The asbestos in this soil is “real” asbestos, contrary to what a lot of folks want to believe. When Swift Creek and the Sumas River flood, the flood waters carry asbestos. During the last flood, in 2009, sampling near the Canadian border – as far away from Sumas Mountain as you can get and still stay on the U.S. – showed overs 20% asbestos in some of the samples of soils that were left behind when the flood water receded. Some people's yards and basements contained these soils.
This is an issue where government inaction – disbelief, inability to conceive of the nature of the problem – will lead to a market result, and it won’t be pretty for some of our neighbors in Whatcom County. Washington law requires the disclosure of asbestos on your property, and it doesn’t distinguish between Swift Creek asbestos and the asbestos in old attic insulation. The market of homebuyers for affected properties will ultimately be limited to those who don't mind asbestos.
Whatcom County has the ability to decrease exposure to these asbestos-bearing soils. Land use planning and the Critical Areas Ordinance both provide tools that can be used to help.
Or, County Council members can continue to be “comfortable” in their denial of the significance of this issue, based on their “opinions” that asbestos isn’t really a problem. Unfortunately, the scope of the problem depends in part on their action (or inaction). The health effects of asbestos depend on exposure. Planning could help to reduce exposure.
Everybody likes happy endings. If only we could throw some rainbow-dust (preferably asbestos-free) over all of these problems. Or perhaps we are counting on a magical unicorn to gallop to our rescue.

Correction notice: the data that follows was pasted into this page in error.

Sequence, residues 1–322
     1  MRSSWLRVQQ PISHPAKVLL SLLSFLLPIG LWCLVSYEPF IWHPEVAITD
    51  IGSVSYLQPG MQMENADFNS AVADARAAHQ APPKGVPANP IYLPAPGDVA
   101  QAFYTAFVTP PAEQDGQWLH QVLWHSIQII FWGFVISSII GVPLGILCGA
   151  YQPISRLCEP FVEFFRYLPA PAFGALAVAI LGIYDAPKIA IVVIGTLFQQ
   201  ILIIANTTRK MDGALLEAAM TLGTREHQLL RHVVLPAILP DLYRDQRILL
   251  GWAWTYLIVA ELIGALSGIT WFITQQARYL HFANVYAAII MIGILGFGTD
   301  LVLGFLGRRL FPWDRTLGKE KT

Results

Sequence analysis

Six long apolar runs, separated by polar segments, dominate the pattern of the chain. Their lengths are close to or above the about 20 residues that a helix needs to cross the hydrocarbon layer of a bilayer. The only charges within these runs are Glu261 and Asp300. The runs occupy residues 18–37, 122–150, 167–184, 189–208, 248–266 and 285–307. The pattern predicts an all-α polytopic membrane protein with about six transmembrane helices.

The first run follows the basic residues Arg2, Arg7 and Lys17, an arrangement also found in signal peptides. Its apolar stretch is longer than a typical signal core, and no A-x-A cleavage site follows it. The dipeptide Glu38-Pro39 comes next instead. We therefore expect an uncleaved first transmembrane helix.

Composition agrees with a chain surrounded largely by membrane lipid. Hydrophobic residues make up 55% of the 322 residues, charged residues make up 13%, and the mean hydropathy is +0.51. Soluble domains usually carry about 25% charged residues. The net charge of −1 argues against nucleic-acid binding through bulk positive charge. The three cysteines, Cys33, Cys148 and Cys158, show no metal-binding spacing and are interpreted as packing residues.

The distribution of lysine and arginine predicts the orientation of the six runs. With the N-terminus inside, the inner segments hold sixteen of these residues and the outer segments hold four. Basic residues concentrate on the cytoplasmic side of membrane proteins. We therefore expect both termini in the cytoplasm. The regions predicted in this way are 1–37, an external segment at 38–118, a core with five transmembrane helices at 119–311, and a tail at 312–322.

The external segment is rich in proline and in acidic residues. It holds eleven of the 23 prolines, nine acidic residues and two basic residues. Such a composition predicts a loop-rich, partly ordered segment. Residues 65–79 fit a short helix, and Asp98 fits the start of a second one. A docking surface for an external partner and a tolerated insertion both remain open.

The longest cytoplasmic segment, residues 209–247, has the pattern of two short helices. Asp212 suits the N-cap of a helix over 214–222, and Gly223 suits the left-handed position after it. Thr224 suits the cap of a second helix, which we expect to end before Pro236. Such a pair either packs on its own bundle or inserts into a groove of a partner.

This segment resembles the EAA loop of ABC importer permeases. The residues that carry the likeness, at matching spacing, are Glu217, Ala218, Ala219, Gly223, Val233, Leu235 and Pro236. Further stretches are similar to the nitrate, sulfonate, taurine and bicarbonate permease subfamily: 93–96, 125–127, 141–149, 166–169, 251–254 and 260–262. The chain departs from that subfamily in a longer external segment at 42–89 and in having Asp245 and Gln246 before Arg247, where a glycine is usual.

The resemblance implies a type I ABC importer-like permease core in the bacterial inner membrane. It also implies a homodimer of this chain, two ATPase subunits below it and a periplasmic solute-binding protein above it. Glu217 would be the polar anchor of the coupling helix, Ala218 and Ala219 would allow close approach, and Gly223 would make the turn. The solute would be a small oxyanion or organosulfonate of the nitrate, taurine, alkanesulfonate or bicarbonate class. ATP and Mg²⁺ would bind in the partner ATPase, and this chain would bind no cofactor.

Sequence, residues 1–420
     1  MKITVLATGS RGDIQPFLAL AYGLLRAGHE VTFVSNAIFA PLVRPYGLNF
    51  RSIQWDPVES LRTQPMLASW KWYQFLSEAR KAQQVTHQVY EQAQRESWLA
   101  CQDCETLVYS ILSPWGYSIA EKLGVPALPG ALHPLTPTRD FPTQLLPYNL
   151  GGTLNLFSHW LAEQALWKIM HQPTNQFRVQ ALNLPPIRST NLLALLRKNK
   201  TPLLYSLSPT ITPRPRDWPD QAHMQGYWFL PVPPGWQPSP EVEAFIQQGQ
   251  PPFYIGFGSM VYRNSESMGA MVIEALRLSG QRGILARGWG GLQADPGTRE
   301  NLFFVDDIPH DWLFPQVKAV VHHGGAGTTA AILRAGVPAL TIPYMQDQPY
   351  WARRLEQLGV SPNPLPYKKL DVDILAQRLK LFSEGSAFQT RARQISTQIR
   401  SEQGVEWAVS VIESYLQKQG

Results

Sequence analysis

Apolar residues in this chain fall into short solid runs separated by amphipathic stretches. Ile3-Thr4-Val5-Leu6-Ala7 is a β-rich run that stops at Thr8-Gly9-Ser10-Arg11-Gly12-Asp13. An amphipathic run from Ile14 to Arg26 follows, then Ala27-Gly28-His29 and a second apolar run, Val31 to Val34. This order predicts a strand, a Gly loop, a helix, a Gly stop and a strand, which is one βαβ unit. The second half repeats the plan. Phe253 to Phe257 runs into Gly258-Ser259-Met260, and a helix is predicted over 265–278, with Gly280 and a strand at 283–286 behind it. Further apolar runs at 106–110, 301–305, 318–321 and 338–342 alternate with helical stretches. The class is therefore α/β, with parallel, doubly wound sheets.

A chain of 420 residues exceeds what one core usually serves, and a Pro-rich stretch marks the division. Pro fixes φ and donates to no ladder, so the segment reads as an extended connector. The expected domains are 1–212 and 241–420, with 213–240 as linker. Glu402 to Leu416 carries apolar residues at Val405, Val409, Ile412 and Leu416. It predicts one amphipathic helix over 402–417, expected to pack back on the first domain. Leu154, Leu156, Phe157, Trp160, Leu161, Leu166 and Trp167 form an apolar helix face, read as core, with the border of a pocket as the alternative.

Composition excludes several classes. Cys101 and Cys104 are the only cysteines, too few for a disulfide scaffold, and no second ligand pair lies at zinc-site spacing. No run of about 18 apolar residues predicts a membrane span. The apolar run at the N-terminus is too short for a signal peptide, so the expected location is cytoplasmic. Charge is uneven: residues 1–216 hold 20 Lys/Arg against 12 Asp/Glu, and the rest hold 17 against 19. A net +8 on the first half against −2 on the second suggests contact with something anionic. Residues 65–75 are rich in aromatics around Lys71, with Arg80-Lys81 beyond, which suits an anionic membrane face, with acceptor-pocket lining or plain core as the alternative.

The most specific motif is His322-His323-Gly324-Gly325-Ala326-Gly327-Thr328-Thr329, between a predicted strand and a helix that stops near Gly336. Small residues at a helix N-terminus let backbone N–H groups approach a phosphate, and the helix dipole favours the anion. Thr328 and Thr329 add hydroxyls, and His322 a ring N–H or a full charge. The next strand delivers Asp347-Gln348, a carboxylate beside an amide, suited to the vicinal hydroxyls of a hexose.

I’ve been banging the drum about all of these issues over the last few years. I wrote a law review article about Swift Creek and will be speaking at a national conference on naturally-occurring asbestos in December. I brought a lawsuit raising Whatcom County’s continuing failure to adopt regulations to protect Lake Whatcom. (See pages 147 through 155, where the Growth Management Hearings Board says, among other things, that “The record in this case provides overwhelming evidence that the primary threat to Lake Whatcom water quality is caused by phosphorus-laden runoff resulting from development in the watershed.”) And I’ve written here, and here, and here, and here, and here, and a lot more blogs, about the Gateway Pacific coal terminal.
Unfortunately, all of this research has not uncovered any rainbows or unicorns.
What I do see is an enormous, and ultimately tragic, mismatch between our science-based problems and our market-failure-supporting governing bodies.
But I can’t end there, because everybody likes a happy ending. So. Here’s the best I can do:
Whether they self-identify as liberal, conservative, Republican, or Democrat, we need local leaders who are willing to follow Richard Nixon’s lead. Er, when it comes to protecting the environment, that is.
And the end of the rainbow is the fact that we live in a democracy, which has elections. The next one is in 2013.